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Pain is generally an unpleasant feeling in response to an event that either damages or can potentially damage the body's tissues. There are four main steps in the process of feeling pain: transduction , transmission, perception , and modulation .  The nerve cells that detect pain have cell bodies located in the dorsal root ganglia and fibers that transmit these signals to the spinal cord.  The process of pain sensation starts when the pain-causing event triggers the endings of appropriate sensory nerve cells . This type of cell converts the event into an electrical signal by transduction. Several different types of nerve fibers carry out the transmission of the electrical signal from the transducing cell to the posterior horn of spinal cord , from there to the brain stem , and then from the brain stem to the various parts of the brain such as the thalamus and the limbic system . In the brain, the pain signals are processed and given context in the process of pain perception . Through modulation, the brain can modify the sending of further nerve impulses by decreasing or increasing the release of neurotransmitters .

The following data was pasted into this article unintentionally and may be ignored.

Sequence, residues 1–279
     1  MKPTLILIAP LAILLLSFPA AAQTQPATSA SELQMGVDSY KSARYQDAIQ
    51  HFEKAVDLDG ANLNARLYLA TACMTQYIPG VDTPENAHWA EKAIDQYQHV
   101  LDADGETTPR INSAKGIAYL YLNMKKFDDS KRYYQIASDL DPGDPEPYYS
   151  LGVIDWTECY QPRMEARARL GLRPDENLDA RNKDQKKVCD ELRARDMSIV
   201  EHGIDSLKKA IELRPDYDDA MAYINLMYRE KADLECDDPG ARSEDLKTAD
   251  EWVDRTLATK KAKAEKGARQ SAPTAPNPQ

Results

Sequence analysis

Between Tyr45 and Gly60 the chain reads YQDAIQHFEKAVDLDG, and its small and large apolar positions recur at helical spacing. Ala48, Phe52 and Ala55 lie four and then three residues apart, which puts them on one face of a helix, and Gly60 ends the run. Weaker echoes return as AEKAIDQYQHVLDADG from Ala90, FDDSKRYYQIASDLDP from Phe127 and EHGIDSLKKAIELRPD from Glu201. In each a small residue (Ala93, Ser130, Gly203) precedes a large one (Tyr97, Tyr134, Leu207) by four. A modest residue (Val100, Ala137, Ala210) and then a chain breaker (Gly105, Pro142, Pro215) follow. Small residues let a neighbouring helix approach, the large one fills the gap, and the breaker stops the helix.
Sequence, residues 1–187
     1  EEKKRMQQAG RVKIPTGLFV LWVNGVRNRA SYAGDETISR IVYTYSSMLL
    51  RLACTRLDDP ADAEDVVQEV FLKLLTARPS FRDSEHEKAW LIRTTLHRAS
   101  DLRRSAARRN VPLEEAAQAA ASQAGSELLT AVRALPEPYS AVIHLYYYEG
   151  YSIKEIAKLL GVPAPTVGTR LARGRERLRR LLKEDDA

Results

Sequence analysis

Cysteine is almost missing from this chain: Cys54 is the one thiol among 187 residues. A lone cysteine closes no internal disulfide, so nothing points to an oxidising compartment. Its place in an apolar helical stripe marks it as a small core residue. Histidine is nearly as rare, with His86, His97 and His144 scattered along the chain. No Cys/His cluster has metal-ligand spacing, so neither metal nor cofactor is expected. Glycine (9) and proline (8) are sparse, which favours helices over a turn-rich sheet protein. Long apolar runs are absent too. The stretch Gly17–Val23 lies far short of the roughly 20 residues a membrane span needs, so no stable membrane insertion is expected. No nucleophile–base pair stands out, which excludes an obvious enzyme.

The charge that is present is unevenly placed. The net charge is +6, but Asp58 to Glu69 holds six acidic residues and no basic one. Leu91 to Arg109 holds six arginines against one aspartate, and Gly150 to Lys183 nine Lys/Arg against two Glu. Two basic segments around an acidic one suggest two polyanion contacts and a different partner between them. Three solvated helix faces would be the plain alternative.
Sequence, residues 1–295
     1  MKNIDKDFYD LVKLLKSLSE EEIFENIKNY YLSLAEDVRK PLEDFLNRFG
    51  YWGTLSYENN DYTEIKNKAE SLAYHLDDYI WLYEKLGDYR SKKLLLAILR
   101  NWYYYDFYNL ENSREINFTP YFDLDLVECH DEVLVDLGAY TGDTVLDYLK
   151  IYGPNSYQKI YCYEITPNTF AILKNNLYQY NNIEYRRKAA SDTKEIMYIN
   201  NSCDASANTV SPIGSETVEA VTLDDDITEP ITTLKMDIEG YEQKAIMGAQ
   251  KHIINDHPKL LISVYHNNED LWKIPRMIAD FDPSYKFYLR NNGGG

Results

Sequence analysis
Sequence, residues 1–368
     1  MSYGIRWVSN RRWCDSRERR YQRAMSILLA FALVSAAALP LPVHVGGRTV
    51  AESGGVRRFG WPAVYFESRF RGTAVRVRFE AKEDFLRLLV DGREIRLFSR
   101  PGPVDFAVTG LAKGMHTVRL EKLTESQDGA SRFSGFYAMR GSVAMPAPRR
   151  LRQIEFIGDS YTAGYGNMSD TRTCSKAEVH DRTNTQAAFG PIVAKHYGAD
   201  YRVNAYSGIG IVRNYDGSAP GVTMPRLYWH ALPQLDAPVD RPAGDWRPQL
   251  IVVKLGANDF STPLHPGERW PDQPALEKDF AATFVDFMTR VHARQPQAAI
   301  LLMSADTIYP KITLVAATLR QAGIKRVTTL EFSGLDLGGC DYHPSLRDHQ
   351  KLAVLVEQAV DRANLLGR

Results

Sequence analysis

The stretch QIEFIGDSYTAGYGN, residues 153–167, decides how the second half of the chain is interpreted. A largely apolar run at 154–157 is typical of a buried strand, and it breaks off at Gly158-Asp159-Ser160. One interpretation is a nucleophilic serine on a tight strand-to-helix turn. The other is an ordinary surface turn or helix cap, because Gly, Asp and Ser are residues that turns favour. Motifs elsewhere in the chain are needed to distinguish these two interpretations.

In patients who have an aggressive form of high-grade superficial bladder cancer and those who have not responded or who have recurrent bladder cancer in spite of treatments mentioned above, a more aggressive form of treatment may be warranted. This is usually in the form of a major surgical procedure called radical cystectomy. It entails removal of the bladder and the prostate and diverting the urinary stream using parts of the intestine. This surgery will be described in the subsequent section on treatment of invasive bladder cancer.